Healthcare data is recorded and stored in many different sources and levels of granularity. The data can relate to the individual patient, visit, or specific event (e.g., lab test). ML considers how all the different variables interact with one another and contribute to an increased risk of readmission. It can consume data from multiple granularities and deliver insight at the right granularity in the form of a patient-specific predicted probability of being readmitted. Additionally, ML can help uncover more granular modifiable-risk factors that can substitute for a non-modifiable risk factor; patient age provides a good example of this. While a clinician cannot modify a patient’s age to lower their readmission risk, age might be serving as a proxy for more granular age-related risk factors that the clinician can work to address. Examples of age-related risk factors might be the frailty of the patient, an increased fall risk, or the patient’s living arrangement.
There are multiple opportunities to intervene with a patient to reduce their risk of readmission (e.g., hospital admission, discharge, after discharge, etc.). The right time to capture variables and make predictions depends on the specific use case and associated interventions. For example, identifying high-risk, in-hospital patients as soon after their admission as possible allows ordering providers and hospital staff to intervene and lower a patient’s readmission risk. Identifying high-risk patients at discharge, or shortly after, allows hospital support staff, transitional services, and primary care providers to intervene outside traditional inpatient channels to also lower a patient’s readmission risk. The type and amount of information available for a readmission risk model to leverage is different at each of these varying points in time.
A clinician’s time is valuable, so it is important to incorporate the insight and guidance from the readmission risk model into their regular course of work. By deploying a readmission risk model such that the output is embedded in existing workflow at the point of care, the clinician does not have to spend time searching for information, they can instead evaluate and act on the information at their fingertips. Pairing best practice interventions and potential health outcomes with an alert on a patient’s chart in the EHR or a daily worklist can help validate a clinician’s intuition and result in better and more consistent care. Identifying at-risk patients and delivering actionable information to clinicians and transition services in the right visualization and modality breaks down many of the barriers to adoption.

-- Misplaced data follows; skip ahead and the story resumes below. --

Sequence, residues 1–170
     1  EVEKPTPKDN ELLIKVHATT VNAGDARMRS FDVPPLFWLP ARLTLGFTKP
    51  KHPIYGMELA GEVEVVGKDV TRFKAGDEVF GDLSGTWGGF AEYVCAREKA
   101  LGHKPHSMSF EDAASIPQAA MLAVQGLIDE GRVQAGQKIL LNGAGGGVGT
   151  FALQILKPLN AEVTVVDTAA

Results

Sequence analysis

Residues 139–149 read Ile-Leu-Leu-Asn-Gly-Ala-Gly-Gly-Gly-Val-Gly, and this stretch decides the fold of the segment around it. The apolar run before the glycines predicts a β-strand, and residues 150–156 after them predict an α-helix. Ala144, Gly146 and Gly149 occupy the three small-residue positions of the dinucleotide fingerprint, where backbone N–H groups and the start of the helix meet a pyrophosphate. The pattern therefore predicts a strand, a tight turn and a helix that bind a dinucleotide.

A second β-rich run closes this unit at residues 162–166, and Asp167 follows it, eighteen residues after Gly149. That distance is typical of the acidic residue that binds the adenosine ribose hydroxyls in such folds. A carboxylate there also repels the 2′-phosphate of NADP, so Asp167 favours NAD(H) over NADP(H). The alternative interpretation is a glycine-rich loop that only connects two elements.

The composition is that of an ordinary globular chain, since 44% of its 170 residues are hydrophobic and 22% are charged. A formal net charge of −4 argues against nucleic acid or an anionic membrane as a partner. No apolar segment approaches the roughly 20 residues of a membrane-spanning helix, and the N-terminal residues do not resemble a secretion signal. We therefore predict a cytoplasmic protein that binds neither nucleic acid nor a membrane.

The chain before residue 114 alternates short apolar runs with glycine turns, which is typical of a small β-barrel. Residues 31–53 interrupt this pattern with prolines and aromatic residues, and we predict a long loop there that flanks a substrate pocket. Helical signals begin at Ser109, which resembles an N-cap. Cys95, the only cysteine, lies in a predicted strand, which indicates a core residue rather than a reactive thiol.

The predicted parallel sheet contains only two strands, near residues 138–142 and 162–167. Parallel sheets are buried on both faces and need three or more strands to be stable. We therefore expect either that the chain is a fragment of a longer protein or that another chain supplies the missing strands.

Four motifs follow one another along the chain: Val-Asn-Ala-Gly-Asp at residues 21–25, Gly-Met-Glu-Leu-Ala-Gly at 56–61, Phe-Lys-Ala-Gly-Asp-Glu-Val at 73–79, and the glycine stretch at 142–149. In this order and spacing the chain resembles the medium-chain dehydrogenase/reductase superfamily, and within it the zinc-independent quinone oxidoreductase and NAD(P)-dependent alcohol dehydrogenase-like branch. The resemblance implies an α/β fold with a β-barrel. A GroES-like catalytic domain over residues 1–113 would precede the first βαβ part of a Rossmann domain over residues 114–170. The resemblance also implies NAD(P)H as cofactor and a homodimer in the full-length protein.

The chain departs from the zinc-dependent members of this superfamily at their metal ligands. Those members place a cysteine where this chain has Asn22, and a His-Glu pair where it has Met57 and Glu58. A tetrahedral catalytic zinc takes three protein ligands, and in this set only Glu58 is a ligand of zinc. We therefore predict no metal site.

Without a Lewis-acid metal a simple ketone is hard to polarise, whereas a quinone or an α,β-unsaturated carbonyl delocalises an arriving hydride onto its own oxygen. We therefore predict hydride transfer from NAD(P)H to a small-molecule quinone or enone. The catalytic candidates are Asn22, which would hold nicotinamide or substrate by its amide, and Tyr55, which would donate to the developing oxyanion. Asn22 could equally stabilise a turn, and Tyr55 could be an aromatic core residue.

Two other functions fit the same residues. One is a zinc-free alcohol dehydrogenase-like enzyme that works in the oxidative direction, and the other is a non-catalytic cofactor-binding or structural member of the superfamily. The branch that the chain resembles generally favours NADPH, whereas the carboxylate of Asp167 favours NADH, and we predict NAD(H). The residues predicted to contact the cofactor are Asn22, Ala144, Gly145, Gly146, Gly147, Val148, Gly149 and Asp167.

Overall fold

Traditionally, healthcare risk models have been treated as a type of “locked box” in which only a select few have access to variables and logic contributing to the risk calculation and output. Machine learning has the potential to transform this norm by drawing from the entire EHR and other data sources, at all granularities, and applying insight towards all patients. Leveraging algorithms that draw from a complete set of information is the only way to make informed, forward-looking, patient-centered decisions. ML models can be transparent and trustworthy, and interdisciplinary health system team members are more likely to trust the information and make decisions based on data. An additional benefit to this approach is the opportunity to refine the readmission risk model over time, and replicate, adjust, and repurpose it to fit additional use cases.
ML provides a dynamic layer of intelligence for health systems, and if implemented appropriately, can be used to reduce readmissions in a targeted, efficient, and patient-centered manner.
Levi Thatcher, Ph.D. is Director of Data Science for Health Catalyst (www.healthcatalyst.com), a leader in healthcare data warehousing, analytics and outcomes improvement.